In most industrialized countries, solar panels account for only a quarter to a third of the overall cost of building a solar farm. All the other expenses—additional hardware, financing, installation, permitting, etc—make up the bulk of the cost. To make the most of all these other costs, it makes sense to pay a bit more to install efficient panels that convert more of the incoming light into electricity.
Unfortunately, the cutting edge of silicon panels is already at about 25 percent efficiency, and there's no way to push the material past 29 percent. And there's an immense jump in price between those and the sorts of specialized, hyper-efficient photovoltaic hardware we use in space.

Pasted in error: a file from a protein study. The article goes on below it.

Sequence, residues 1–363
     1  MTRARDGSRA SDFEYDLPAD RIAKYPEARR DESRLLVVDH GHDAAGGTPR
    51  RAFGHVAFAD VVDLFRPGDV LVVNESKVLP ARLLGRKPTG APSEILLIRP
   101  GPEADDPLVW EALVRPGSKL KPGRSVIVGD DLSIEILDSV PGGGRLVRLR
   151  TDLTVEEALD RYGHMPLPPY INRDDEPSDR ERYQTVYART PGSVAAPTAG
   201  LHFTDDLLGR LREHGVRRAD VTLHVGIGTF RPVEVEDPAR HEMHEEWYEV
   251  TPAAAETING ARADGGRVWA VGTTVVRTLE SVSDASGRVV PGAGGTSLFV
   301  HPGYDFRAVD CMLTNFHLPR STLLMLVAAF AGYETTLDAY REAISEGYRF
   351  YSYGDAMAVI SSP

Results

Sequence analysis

Those pricey panels have three layers of photovoltaic materials, each tuned to a different wavelength of light. So to hit something in between on the cost/efficiency scale, it makes sense to develop a two-layer device. This week saw some progress in that regard, with two separate reports of two-layer perovskite/silicon solar cells with efficiencies of well above 30 percent. Right now, they don't last long enough to be useful, but they may point the way toward developing better materials.
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